7. Whetherman says:

    This is only an anecdote but, my wife’s car had a taillight bulb out for months and we never knew it until one day I followed her and saw that it wasn’t working. When I was fixing it a neighbor stopped by and said “Oh, that hasn’t been working since last year. . .” (Thanks, neighbor.)

    The point of the story being, we were never stopped because we didn’t “fit a profile.”

    I also notice when I’m walking, on the street or on a parking lot, cars with inspection stickers that have been expired for 6 – 9 months. Apparently cops are not as concerned about that as when I was a kid living in constant fear of the upcoming state inspection.

    Or is it that I and my cars don’t fit a profile, anymore?

    • Jonathan says:

      I was stopped once for a broken headlight; he didn’t even write a warning.
      I had the part but hadn’t yet gotten everything apart; on that car, you had to remove the air cleaner and the battery to replace the headlight.

      I have a coworker who recently got a newer car; the old one hadn’t been inspected in 14 YEARS and never got pulled over – given how rough it was, I was surprised. But it all depends on the attitude of the local police. Right now there are so many laws on the books, that a cop can find a way to get you in trouble if he wants to.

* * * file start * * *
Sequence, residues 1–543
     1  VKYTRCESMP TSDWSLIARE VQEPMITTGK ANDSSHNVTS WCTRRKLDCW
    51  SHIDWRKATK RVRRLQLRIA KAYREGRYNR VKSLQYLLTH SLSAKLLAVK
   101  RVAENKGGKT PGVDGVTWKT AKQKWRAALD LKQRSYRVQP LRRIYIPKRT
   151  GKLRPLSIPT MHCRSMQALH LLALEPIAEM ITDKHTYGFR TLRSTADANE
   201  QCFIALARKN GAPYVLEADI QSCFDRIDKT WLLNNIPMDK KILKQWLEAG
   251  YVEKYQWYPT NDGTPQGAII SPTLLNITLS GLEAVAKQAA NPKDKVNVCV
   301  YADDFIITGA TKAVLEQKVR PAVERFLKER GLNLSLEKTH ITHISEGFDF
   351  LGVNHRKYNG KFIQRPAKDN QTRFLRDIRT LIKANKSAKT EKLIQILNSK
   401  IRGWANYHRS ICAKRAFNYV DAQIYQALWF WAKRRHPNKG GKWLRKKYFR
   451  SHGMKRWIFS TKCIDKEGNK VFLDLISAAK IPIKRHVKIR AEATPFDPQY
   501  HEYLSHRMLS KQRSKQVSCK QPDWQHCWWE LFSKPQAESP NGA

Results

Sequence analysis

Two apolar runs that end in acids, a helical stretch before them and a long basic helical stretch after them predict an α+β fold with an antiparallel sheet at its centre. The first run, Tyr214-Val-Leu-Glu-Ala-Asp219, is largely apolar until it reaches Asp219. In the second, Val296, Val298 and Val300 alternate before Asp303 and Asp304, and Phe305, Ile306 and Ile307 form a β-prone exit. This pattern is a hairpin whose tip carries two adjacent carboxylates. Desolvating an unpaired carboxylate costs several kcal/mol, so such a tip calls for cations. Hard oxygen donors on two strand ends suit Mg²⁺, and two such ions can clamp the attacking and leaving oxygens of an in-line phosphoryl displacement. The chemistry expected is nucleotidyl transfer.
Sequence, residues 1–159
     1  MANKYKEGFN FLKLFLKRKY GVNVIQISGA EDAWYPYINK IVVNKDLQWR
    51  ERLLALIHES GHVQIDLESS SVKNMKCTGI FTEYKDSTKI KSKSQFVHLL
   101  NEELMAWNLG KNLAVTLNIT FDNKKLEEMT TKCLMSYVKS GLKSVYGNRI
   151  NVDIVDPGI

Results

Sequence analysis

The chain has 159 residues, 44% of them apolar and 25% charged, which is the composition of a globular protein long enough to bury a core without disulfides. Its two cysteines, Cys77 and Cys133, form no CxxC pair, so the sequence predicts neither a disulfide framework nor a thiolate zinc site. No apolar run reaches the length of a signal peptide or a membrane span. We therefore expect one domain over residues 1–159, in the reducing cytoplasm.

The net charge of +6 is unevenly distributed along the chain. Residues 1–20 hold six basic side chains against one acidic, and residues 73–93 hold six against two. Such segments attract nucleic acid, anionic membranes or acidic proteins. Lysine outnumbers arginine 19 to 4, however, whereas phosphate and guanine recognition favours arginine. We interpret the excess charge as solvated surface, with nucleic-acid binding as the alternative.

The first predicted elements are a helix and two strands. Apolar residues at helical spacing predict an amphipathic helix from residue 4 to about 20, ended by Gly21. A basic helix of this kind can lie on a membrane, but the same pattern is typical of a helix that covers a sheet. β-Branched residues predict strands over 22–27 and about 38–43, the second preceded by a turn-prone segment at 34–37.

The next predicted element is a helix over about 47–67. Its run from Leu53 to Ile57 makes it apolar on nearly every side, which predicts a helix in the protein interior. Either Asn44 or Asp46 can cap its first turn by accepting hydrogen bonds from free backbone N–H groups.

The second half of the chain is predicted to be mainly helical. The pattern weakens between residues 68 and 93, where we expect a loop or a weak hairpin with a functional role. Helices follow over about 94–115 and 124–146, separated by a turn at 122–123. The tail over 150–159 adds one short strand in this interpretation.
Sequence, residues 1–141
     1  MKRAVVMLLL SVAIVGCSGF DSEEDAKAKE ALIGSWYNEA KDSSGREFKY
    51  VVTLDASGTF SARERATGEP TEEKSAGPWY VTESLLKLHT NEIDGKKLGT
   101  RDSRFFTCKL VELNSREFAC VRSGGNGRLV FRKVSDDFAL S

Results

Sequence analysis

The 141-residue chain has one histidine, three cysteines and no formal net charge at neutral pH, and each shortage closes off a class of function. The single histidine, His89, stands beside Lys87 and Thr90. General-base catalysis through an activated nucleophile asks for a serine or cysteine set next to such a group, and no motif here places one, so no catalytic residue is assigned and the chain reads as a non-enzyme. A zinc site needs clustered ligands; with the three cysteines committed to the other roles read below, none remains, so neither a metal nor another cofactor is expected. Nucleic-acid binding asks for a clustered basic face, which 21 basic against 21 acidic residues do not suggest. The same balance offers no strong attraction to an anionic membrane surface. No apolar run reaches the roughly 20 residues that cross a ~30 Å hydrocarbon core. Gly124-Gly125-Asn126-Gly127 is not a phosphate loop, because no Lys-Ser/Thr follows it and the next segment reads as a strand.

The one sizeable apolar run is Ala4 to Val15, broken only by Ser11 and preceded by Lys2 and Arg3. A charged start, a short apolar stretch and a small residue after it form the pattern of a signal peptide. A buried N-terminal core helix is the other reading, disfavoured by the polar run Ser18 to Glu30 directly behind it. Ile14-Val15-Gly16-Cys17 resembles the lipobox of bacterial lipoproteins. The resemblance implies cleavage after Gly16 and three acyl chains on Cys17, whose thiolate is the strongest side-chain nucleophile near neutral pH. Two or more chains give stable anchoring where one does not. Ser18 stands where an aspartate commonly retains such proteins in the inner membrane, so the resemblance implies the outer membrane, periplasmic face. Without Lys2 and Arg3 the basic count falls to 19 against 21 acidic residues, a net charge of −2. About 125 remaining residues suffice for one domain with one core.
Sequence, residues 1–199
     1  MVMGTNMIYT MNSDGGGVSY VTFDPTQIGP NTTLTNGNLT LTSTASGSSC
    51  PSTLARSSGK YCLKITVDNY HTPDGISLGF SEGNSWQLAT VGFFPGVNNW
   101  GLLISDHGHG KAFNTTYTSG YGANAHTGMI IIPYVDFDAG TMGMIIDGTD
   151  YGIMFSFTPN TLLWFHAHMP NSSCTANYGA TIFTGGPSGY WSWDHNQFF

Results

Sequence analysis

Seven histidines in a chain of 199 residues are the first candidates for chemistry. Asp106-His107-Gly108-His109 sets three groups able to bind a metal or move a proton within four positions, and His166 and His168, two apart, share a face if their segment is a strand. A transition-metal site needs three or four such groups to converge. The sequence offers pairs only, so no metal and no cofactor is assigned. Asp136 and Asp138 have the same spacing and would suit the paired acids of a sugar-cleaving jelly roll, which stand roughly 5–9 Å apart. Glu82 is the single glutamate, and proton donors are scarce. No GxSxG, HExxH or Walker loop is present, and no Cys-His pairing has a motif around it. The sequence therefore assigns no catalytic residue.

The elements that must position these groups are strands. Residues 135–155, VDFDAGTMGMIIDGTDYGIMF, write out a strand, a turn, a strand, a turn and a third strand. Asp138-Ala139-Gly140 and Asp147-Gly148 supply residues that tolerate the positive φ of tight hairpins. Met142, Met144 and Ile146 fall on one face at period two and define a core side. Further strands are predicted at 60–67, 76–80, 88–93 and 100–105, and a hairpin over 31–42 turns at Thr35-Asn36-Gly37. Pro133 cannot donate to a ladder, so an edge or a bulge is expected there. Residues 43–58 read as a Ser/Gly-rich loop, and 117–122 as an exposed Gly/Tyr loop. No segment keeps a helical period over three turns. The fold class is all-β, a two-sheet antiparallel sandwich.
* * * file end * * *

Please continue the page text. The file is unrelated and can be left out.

• Whetherman says:

        I don’t want to give the impression I think every stop is unjustified; I remember a time when I had to drive an old car for a long time after a fender-bender, with one headlight pointing downward at about 75 deg. I kept a good bulb in it, only so that side would be illuminated at night. I was stopped for it a couple times at night, and the cops just warned me verbally and sent me on my way. I had no problems with those stops, at all.

        But, anyone around here remember when PA had TWO inspections per year? They were an ongoing horror if you were a poor family who couldn’t afford anything but old beaters everyone else had given up on. (I had a friend who would buy another $25 inspected beater every six months, and junk it before the next inspection period. Ahh, those were the days!